You're new to woodworking and have completed a few projects. You know that you want to continue to practice your craft, but there's no room. So it's time to set up a workshop where you can plan out and complete more complex pieces.

Your garage is the perfect place to do it. But where to begin? In this article, we'll take a look at some helpful suggestions for how and where to create a workshop that won't overwhelm you, but that you also won't outgrow within a few projects.

Have a Space to Work

Your garage is a great space for this, but you probably want to complete this transformation without ruining a perfectly good place to park a car or two. A dedicated workbench is the best way to define clearly that "this is where projects happen, not where we park." That's going to become important if you want to continue using your space efficiently — you don't want to expand into all your space and waste the garage.

You can build a simple workbench along an open wall in your garage quite easily. If you're a little handy, we recommend adding some cabinets and a pegboard to hold your favorite tools.

Group Your Tools

Once you've got the basics of organizing your garage out of the way, it's time to begin placing your woodworking tools close-at-hand. The pegboard you may have chosen to mount in step one is a great place to hang frequently-used tools like chisels and hammers. You can put measurement tools like rulers and triangles into drawers or create a dedicated space for them on your bench.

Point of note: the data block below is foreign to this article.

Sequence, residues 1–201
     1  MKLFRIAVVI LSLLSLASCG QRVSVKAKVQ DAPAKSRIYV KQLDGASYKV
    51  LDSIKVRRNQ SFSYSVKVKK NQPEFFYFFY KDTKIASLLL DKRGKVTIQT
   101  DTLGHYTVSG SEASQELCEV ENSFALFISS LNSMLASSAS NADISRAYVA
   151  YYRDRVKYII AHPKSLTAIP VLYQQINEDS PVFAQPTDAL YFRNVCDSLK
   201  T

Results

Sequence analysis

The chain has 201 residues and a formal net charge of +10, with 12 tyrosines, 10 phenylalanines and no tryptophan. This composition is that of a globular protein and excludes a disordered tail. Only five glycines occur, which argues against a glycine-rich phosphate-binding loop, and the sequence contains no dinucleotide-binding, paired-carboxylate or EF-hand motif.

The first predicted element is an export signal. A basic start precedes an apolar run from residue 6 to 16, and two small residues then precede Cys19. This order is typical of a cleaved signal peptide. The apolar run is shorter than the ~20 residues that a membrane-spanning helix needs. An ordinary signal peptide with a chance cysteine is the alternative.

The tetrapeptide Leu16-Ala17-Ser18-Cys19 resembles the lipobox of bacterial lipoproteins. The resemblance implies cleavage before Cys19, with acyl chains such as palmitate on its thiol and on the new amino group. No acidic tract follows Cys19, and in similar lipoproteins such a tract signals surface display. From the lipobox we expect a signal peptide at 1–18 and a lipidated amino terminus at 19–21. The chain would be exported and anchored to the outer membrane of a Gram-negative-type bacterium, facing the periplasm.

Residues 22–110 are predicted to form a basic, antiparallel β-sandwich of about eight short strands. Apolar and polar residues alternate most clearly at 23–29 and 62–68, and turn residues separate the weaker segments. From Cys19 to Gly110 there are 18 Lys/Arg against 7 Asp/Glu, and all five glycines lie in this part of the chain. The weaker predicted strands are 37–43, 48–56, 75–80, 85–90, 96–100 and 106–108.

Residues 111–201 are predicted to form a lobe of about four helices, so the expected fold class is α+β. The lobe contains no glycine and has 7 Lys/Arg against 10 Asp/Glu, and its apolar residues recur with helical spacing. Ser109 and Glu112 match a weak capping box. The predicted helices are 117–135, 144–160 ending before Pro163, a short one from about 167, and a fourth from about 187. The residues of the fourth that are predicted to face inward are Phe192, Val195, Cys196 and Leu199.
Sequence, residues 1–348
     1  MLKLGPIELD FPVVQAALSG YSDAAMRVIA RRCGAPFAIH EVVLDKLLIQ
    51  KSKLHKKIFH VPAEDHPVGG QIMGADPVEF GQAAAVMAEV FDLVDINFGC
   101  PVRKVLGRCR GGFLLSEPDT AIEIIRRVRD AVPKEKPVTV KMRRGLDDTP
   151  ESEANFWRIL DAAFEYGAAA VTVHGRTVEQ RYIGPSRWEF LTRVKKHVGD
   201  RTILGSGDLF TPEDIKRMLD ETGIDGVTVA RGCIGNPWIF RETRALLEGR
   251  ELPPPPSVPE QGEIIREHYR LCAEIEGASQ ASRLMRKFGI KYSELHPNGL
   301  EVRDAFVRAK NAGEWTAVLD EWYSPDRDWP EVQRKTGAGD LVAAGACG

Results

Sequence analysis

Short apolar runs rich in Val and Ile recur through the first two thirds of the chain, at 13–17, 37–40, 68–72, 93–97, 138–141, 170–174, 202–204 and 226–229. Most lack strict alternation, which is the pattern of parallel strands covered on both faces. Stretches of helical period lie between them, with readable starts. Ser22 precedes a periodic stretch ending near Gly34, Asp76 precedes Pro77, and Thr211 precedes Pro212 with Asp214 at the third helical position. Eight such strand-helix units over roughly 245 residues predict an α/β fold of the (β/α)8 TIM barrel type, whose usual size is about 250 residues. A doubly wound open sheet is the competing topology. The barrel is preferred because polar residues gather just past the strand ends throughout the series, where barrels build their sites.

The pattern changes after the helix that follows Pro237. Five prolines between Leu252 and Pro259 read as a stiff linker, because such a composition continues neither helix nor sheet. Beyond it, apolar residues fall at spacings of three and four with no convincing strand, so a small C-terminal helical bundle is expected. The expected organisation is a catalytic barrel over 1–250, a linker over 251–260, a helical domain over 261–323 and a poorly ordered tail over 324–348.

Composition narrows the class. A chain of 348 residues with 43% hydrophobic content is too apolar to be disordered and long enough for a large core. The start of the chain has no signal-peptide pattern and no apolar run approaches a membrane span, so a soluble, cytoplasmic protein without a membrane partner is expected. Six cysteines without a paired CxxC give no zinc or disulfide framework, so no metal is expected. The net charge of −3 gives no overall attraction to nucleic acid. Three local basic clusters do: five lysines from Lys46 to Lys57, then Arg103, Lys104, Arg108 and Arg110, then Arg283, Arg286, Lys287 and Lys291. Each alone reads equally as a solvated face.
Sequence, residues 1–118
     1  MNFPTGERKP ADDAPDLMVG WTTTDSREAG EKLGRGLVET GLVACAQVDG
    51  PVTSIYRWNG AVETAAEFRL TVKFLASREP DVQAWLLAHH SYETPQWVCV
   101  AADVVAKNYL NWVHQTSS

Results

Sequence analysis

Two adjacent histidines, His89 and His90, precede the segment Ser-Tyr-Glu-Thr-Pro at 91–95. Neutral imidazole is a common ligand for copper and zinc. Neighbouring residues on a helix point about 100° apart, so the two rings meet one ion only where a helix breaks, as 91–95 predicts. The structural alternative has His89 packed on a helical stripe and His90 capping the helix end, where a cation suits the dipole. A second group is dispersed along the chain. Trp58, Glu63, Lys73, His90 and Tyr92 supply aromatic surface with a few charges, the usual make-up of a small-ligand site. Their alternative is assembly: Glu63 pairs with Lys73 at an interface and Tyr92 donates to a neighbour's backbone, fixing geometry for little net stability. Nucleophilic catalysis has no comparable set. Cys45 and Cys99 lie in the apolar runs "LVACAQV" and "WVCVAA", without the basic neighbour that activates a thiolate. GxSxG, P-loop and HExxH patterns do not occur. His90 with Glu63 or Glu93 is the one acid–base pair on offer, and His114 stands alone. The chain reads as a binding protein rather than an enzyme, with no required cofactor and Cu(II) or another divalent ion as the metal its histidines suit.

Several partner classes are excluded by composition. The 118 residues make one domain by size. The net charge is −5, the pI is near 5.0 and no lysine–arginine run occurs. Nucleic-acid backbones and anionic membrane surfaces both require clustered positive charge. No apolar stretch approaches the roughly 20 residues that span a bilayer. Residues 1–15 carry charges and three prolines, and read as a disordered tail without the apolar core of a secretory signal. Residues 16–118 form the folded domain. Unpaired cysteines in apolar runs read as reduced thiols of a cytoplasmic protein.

In more developed configurations where you've got larger equipment like a table saw and lathe, you'll want to place these large items strategically so they can either move out of the way of your cars or are never in the way to begin with. Wood Magazine demonstrates in some of their sample floorplans how this can be achieved .

Floor-standing tools can sometimes be placed in a corner or, if they're not intended to stand on their own, you could use a simple storage container like a bin.

Safety Equipment

Have a dedicated area where you keep safety goggles and gloves for use when you work on projects, and remember to put your safety equipment back there every time. This will help you avoid misplacing it and potentially going without it after you've had to spend the same $15 six times on a replacement pair of safety glasses. This stuff is important, so don't write it off.

Lighting and Ventilation

Finally, consider how you will light your space for working when it's dark outside and how to pipe fresh air in. If you have a garage door, that's a good start. A set of freestanding LED lights combined with a few powerful cord-suspended drop lights should get you what you need in terms of lumens. Some floor-standing fans are a good idea, too, to keep the air moving. And if you're going whole-hog on very large projects, you may even want to invest in a small hood to protect your lungs from wood dust.

You're Ready to Begin

Everyone's dream workshop looks a little different. Your first attempt might be more spartan and practical, and it may not match up to your vision right away. But that's okay! It's a work-in-progress and you should take pride in what you have.

Do you have experience setting up your own shop? Give us your best tips in the comments section below!

Scott Huntington is a writer from central Pennsylvania. He enjoys working on his home and garden with his wife and 2 kids. Follow him on Twitter  @SMHuntington